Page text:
No difference in Achilles Tendon Resting Angle, Patient-reported outcome or Heel-rise height Index between Non- and Early-weightbearing the First Year after an Achilles Tendon Rupture (2020)

Type of publication:
Journal article

*Carmont M; Brorsson, A.; Karlsson, J.; Nilsson-Helander, K.

Muscles, Ligaments & Tendons Journal (MLTJ); Oct 2020; vol. 10 (no. 4); p. 651-658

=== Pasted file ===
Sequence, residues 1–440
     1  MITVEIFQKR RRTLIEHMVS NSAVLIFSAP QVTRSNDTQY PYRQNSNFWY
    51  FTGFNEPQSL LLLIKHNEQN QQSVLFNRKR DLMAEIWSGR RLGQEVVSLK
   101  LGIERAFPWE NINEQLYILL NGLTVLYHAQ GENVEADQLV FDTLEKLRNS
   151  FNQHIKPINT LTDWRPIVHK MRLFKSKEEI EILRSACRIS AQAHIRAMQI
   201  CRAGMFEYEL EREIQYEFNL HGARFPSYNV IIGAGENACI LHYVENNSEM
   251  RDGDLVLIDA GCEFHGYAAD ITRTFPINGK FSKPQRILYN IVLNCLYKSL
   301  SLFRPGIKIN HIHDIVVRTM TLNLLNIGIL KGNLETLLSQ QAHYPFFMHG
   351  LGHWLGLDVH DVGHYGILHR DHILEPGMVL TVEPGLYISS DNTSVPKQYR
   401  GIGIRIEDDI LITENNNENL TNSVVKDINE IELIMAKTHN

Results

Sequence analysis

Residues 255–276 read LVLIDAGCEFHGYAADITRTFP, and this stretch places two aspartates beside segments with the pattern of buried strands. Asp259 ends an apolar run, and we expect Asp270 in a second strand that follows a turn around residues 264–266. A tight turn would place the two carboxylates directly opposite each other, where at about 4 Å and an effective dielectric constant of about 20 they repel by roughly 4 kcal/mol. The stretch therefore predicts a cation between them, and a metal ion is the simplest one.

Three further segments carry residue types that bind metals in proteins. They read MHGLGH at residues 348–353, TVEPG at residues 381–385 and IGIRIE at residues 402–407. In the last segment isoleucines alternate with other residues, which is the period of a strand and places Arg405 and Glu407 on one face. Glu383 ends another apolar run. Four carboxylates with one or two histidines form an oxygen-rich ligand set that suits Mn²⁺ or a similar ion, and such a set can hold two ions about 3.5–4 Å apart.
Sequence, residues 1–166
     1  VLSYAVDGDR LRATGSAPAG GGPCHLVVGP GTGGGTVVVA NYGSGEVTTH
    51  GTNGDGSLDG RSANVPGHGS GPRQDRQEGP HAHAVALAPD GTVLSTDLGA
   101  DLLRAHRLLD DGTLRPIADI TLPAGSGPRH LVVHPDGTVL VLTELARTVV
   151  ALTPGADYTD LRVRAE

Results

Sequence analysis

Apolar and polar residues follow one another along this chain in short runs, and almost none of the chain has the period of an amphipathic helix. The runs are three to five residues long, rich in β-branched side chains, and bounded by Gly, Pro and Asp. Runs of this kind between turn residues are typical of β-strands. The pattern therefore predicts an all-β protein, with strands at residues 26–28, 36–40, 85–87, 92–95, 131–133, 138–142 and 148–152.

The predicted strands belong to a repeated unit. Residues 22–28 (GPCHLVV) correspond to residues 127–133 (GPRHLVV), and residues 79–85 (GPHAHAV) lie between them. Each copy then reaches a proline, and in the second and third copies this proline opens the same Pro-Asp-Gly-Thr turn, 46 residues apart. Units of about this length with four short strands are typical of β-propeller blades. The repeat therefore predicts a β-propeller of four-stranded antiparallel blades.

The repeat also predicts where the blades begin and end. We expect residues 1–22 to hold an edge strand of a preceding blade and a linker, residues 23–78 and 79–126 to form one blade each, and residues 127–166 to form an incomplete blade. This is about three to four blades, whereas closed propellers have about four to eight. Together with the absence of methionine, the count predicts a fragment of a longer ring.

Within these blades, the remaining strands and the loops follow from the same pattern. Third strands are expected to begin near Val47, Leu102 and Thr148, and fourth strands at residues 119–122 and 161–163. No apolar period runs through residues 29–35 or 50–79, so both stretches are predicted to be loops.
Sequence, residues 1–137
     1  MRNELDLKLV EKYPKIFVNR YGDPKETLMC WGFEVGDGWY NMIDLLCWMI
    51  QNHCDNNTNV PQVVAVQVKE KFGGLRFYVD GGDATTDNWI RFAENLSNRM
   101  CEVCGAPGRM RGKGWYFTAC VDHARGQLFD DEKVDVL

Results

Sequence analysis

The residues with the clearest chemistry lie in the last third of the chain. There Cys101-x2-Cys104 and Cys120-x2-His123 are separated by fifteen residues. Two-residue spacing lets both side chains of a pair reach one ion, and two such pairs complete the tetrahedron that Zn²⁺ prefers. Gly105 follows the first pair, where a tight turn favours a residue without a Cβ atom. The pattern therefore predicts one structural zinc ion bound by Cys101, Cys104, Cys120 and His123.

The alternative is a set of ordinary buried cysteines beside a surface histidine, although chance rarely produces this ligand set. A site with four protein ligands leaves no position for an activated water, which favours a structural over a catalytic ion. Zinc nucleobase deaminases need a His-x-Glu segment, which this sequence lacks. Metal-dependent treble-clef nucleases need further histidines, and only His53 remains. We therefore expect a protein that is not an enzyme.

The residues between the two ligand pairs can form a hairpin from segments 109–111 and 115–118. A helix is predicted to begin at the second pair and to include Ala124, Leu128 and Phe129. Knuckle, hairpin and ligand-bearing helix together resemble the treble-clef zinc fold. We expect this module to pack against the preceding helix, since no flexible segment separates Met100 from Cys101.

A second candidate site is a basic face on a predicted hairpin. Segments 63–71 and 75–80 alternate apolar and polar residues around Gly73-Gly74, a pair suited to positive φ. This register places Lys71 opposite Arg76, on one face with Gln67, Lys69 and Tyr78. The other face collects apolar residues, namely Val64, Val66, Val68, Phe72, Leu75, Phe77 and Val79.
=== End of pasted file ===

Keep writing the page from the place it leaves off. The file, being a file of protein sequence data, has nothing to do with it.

Background. Patient-reported outcome scores and comparable re-rupture rates in randomized controlled trials have not shown a definitive benefit for operative treatment after acute Achilles tendon rupture. This, together with the increasing rupture rates in the older age group has led to non-operative treatment being increasingly used. Objective. This study aimed to determine the variation in Achilles Tendon Resting Angle (ATRA) together with patient reported and functional outcome, with non-operative management of the ruptured Achilles tendon using two different regimes, which have been shown to offer low re-rupture rates. Methods. This is a non-randomised cohort comparison of Achilles tendon rupture patients managed with Non-Weight-Bearing (NWB) for 6 weeks vs. Early Weight-Bearing (EWB). The NWB-group received a cast in plantar flexion for 2 weeks followed by 6 weeks in a controlled ankle motion boot with incremental diminishing plantar flexion. The EWB-group received an initial anterior protective plaster slab in plantar flexion followed by 6 weeks of weight-bearing on the meta-tarsal heads, with an anterior shell restricting dorsiflexion. Results. At 12 months after the injury there were no differences in any of the variables between the two treatment groups. The NWB-group compared to the EWB-group reported at mean (SD) for ATRA -9.8° (4.6°) versus -11.4° (5°), p=0.32, for Achilles tendon Total Rupture Score (ATRS) 87 (10) versus 79 (19), p=0.43 and for Heel-Rise Height Index (HRHI) 71% (19%) versus 59% (13%), p=0.13. Conclusions. The two methods of non-operative treatment studied lead to increased relative ATRA following injury, however, patients report only minor limitation in terms of outcome. Patients had almost a third less heel-rise height compared with the non-injured ankle.

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